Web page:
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I'm trying to find whether a property $\mathcal{P}$ is true for all points of the unit square (in 2D). At each step I can query for a point of my choice. An oracle then answers me by either:

  • telling me $\mathcal{P}$ doesn't hold for this point and thus the problem is solved: the property doesn't hold for all points in the unit square.
  • tells me $\mathcal P$ holds for not only my query point but also for a small square containing my point. Thus I don't need to query for other points in this small square.

The problem is the small squares returned by the oracle are of variables sizes. What data structure and algorithm can I use to store the small squares returned? How can I track efficiently whether I have enough small squares to cover the unit square (and can thus stop the algorithm since I know the property holds for the whole unit square)? Or compute new points to query?

Edit: Okay, I realized my description of the problem is over-complicated. Basically this is the problem:

I have a certain number of squares of variable sizes and positions. How do I check whether they completely cover the unit square, or if not, how do I obtain the coordinates of a point of the unit square not covered ? PS: The problem is online.

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  • $\begingroup$ I'm looking into this. Maybe I can solve my problem with Voronoi diagrams where each point defines its own metric. $\endgroup$ – Adrien Feb 24 '17 at 9:44
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I think a 2-dimensional (compressed) Quadtree can be useful here.

If you store a new rectangle in the tree, you can subdivide the space in the rectangle such that the boundary of the new rectangle does not lie in the interior of any subdivision, but lies only on the boundary of the subdivision. Checking whether there exists a 'non-covered' point can be done by storing the 'non-covered' as satellite data.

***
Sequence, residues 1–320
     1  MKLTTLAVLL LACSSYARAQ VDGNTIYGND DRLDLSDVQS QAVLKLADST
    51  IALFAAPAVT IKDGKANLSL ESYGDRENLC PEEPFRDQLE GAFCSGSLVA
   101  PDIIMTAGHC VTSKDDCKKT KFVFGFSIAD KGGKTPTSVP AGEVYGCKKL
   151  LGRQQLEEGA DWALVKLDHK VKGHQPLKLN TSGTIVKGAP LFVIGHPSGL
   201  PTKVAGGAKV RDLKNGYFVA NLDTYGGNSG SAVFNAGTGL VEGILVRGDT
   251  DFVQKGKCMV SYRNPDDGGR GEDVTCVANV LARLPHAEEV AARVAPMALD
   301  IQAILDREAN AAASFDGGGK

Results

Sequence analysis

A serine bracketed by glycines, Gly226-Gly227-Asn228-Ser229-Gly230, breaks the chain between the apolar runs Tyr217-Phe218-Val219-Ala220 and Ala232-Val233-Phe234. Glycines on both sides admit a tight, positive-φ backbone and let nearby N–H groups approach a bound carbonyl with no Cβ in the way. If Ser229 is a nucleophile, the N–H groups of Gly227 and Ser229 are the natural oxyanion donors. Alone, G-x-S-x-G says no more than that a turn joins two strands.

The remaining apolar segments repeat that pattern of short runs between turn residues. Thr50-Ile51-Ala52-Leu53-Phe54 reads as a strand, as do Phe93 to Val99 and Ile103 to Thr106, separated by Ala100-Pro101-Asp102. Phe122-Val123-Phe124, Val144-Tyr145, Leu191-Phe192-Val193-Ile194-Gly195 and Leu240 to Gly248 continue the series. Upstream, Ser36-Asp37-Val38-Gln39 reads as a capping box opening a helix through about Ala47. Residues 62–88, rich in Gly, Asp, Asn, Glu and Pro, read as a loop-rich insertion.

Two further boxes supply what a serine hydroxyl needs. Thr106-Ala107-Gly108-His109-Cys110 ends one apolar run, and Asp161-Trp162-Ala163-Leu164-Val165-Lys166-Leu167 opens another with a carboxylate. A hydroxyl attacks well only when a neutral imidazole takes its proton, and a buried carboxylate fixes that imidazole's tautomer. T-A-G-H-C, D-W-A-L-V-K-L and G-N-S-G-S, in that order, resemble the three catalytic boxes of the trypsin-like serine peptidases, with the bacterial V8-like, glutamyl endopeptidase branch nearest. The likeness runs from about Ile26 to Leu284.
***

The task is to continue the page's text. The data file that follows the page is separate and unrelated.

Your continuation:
If you remove a rectangle from the tree, you need to check only for all 'quads' that the rectangle covered whether there exists (new) uncovered points.

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I'd suggest a 2-dimensional k-d tree storing one point for each corner of each rectangle returned. A quadtree or 2-dimensional interval tree might also work. More generally, you might consider a 2-dimensional binary space partitioning tree, where you partition based on one of the edges of one of the squares returned (extended horizontally or vertically out to infinity in both directions).

How would you partition, in a binary space partitioning tree? Each square gives you two horizontal lines and two vertical lines (obtained by extending each edge of the square out to the full unit square). For instance, imagine sorting all of those vertical lines from left-to-right, and picking the median line, and using that to partition. Continue splitting recursively. This gives you a nested tree of regions. Then, associate each square with the lowest (deepest) node/region that fully contains it. When you are picking a split for a particular region of space, you use all of the lines that fall within that region (from all squares that have any overlap with that region).

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  • $\begingroup$ Sorry I'm not sure I understand how you want to partition. The squares are not aligned with one another so how and can overlap, so how does a kd-tree helps? $\endgroup$ – Adrien Feb 24 '17 at 13:48
  • $\begingroup$ @Adrien, see the last paragraph of my edited answer for one possible approach. $\endgroup$ – D.W. Feb 28 '17 at 0:46

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